SIBA's Barrett noted that "one of the bright spots over the last year has been watching bookstore videos. Whether it's a peek into the life of the owners of Scuppernong Books in Greensboro, N.C. (pretend) living in their shop while the pandemic drags on, or a customer at Midtown Reader in Tallahassee, Fla. remembering how a childhood book shaped her life, these videos remind us of the very personal and life-changing ways books and booksellers impact our lives. I'm so impressed by the creativity, thoughtfulness, and daring that go into these videos, including the brief ones shared on social media. We look forward to celebrating the stores that share their stories this way, and do it so well!"


G.P. Putnam's Sons: Love & Other Scams by Philip Ellis


HarperCollins Becomes Official Publisher of MLK Archives

Dr. King at the 1963 Civil Rights March in Washington, D.C.

HarperCollins has become the official publisher of Dr. Martin Luther King Jr.'s archives, with the deal including world rights to publish from those archives in all formats and in all languages. 

HarperCollins editors will have access to the material through an archivist appointed by the publisher, and the company will look to work with Black scholars, actors, artists, performers and activists on projects related to the material in the archives. The first titles from the archives will be published in January 2022, to coincide with Martin Luther King Jr. Day. The deal marks a return of sorts--HarperCollins was King's original publisher, having published his first book, Stride Toward Freedom: The Montgomery Story, in 1958.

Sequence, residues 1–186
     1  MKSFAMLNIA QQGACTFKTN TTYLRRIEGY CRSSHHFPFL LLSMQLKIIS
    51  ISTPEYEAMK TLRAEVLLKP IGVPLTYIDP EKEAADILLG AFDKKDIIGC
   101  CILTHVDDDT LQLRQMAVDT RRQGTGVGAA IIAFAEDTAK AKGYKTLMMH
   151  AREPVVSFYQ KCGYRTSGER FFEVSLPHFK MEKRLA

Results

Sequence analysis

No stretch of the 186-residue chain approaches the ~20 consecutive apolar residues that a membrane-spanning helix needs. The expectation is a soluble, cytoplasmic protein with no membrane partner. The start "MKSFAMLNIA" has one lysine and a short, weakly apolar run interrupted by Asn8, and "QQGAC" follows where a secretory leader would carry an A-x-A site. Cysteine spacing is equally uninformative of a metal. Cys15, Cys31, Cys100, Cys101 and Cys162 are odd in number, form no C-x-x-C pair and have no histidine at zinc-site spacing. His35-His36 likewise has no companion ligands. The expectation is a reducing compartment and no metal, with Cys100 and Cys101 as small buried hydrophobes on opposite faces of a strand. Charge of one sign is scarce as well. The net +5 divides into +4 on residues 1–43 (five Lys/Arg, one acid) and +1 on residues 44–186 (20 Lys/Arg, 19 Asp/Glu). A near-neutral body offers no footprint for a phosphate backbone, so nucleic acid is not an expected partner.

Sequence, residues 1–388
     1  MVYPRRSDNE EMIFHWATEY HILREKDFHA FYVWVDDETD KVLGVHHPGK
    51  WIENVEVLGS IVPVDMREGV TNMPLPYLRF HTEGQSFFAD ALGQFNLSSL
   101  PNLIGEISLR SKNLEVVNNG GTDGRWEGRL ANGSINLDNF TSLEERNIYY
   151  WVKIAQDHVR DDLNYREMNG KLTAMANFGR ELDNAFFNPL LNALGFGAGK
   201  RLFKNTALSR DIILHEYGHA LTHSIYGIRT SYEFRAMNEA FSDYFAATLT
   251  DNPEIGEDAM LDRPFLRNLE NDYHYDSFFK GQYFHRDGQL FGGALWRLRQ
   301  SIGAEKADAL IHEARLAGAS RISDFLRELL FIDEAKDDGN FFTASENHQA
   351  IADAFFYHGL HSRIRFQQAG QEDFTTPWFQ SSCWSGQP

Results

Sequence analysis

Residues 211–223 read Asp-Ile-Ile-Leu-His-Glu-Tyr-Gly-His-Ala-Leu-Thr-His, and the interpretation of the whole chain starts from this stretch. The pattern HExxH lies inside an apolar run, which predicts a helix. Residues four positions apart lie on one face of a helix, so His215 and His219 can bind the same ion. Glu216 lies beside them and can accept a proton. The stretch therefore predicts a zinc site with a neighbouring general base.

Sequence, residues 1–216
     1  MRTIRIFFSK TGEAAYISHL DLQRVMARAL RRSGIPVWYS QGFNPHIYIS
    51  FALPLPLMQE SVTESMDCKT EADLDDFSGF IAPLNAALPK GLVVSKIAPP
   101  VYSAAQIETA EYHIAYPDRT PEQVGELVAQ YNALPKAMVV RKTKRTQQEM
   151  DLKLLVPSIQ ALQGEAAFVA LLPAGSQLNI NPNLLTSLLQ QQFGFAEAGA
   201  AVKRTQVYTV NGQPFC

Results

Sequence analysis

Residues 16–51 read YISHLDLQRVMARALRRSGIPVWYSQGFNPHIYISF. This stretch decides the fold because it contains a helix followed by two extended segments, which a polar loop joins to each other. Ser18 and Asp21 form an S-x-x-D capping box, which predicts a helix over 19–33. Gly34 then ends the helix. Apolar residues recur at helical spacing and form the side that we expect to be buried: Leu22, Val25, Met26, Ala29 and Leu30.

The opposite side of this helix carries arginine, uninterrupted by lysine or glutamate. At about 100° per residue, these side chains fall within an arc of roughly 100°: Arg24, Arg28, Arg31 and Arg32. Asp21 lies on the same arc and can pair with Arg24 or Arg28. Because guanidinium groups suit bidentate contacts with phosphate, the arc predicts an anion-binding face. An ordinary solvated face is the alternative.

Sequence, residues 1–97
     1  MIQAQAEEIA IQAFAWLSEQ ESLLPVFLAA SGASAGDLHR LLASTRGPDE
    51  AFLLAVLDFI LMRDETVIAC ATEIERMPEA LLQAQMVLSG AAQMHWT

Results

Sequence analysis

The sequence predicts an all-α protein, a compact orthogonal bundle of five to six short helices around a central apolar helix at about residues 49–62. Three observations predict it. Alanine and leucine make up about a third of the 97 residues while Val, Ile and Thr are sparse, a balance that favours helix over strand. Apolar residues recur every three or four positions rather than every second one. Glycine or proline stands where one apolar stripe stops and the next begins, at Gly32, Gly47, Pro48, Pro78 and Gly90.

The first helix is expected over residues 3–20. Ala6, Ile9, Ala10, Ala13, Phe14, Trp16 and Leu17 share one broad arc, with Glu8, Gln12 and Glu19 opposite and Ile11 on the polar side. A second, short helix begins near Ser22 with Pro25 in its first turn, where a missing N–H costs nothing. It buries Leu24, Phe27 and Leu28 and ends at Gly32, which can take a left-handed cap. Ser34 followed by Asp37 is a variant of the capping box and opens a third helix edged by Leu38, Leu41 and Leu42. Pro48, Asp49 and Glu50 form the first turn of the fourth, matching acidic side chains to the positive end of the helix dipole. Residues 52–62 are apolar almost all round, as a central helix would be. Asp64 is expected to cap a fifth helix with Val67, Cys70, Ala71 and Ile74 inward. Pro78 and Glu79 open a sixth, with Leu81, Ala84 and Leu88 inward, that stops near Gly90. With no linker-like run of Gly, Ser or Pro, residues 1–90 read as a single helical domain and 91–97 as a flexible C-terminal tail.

Judith Curr, president and publisher of HarperOne Group, negotiated the deal with Amy Berkower, Writers House president and agent for the King estate, and Eric D. Tidwell, managing director and general counsel of Intellectual Properties Managment Inc. and manager of the King estate.

"We are thrilled to be the official publisher of Dr. Martin Luther King Jr.'s archives," said Curr. "We view this as a unique global publishing program, leveraging the company's collective creative efforts to develop region-specific yet universally appealing publications that illustrate how extensive and inclusive Dr. King's work is. We see this as an opportunity to further solidify Dr. King's legacy as one of the world's essential figures in the fight for justice and equality."

"The King estate is pleased to return the publishing rights to Dr. King's literary archive to his  original publisher," said Tidwell. "Dr. King's prophetic message of peace, hope, love, and equality continues to  impact the world today. That message is needed now more than ever. We look forward to utilizing HarperCollins's global footprint to continue the perpetuation of Dr. King's wonderful legacy through new creative literary projects."


Lisa Bayer New AUPresses President

Lisa Bayer

Lisa Bayer, director of the University of Georgia Press, was elected president of the Association of University Presses during the association's annual business meeting last month. She succeeds Niko Pfund, president of Oxford University Press USA.